Alice’s own position in this hierarchy is ambiguous. One night at his apartment, after vomiting blackout cookie all over ‘the bowl, the seat, the lid, the edge of the bathtub, the toilet-paper dispenser, the floor’, she sees in the bin ‘a galley of a novel by a boy with whom she’d gone to college, his agent’s letter, requesting a blurb, still paper-clipped to its cover’. It’s a scene that encapsulates the trade-off Alice has made: she is inside the inner sanctum, the object of Ezra’s affection – but although her male peers are outside, they are writing the books. Halliday narrates Alice’s impressions in a flexible, telegraphic style that jumps lightly over weeks or months of experience, conveying her receptivity, the way she is swayed by each new input in turn. Her opinions are carefully withheld, coming through only indirectly in what snags her attention. When Ezra asks what she wants to write about, she answers: ‘War. Dictatorships. World affairs.’ He tells her to write about herself instead; one way or another, writers always do. ‘Don’t worry about importance,’ he says. ‘Importance comes from doing it well.’ His advice reflects his outlook on life. Don’t be too good. Don’t fixate on the Holocaust. Don’t make other people into instruments of your own righteousness. You can run from it, ignore it, try to hide it, but there’s no escaping the ego. Yet we can see something in this very light, very charming story about two people enjoying themselves with each other that Ezra can’t: the way his actions contradict his words. His instructions amount to a demand to be more like him. ‘Darling, don’t continually say, “I’m sorry,”’ he tells her. ‘Next time you feel like saying “I’m sorry,” instead say “Fuck you.” Okay?’ But Alice’s access to his world is entirely dependent on her not being like him. His love and affection, his air-conditioning unit, his envelopes of cash, his Walnettos, are all the spoils of playing the daughter/lover/protégée in a drama of his devising, a role stamped with a clear expiration date followed by an uncertain future. What war could she write about? What does she even have to write about besides Ezra – Ezra’s books, Ezra’s music, Ezra’s holiday home, the way the steam rises from Ezra’s heated swimming pool? No one is going to give you a Nobel Prize for a novel about Ezra. There are few other female characters in the novel; one of them is Alice’s neighbour, an elderly Jewish woman who lives alone and keeps reappearing with a jar that needs opening or some other request. She is the same age as Ezra but seems like an unwanted stranger in the city he has conquered. Is this the future in store for Alice after Ezra has gone?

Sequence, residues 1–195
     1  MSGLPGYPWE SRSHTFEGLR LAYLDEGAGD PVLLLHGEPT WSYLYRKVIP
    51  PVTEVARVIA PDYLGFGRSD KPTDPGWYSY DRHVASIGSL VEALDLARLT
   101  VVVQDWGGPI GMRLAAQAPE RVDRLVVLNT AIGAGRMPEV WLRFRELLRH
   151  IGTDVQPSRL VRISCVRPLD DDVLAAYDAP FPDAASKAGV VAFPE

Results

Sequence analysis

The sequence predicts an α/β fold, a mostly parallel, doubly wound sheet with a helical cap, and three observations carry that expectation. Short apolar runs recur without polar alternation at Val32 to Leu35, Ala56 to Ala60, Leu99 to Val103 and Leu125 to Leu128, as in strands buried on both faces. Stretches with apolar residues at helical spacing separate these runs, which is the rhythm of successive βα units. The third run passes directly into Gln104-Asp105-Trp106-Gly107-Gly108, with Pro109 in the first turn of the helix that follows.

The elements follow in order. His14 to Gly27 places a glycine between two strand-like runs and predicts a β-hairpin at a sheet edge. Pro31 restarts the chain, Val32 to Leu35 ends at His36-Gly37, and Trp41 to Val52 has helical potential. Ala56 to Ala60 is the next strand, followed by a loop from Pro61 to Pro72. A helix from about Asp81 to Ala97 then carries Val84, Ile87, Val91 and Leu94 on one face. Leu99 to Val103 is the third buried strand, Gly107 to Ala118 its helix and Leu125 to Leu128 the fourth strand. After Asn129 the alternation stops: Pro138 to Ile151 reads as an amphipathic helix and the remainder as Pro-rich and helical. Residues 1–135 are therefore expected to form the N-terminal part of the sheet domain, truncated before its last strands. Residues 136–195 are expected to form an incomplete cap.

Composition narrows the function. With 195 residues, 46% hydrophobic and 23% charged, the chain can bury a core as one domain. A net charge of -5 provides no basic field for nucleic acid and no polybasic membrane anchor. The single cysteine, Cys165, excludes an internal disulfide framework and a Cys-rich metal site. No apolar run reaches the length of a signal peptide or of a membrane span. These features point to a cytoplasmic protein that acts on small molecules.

Midway through the novel, Alice and Ezra’s story abruptly breaks off and the book begins again, this time as a conversation between two unnamed speakers:
Where are you coming from?
Purpose of your trip?
To see my brother.
The second voice belongs to Amar Jaafari, an Iraqi-American economist detained at Heathrow on his way to Turkey’s border with Iraqi Kurdistan. Amar’s story is a funhouse distortion of Alice’s. He too has been selected out of a crowd and pulled aside for unknown reasons: in his case, for holding dual citizenship in the US and Iraq. He was born in American airspace on an Iraqi Airways flight, which is enough for him to constitute a threat to the post-9/11 security state. After he is questioned, his baggage searched, and his phone and passports taken, he is left waiting in a windowless holding room while his case is decided.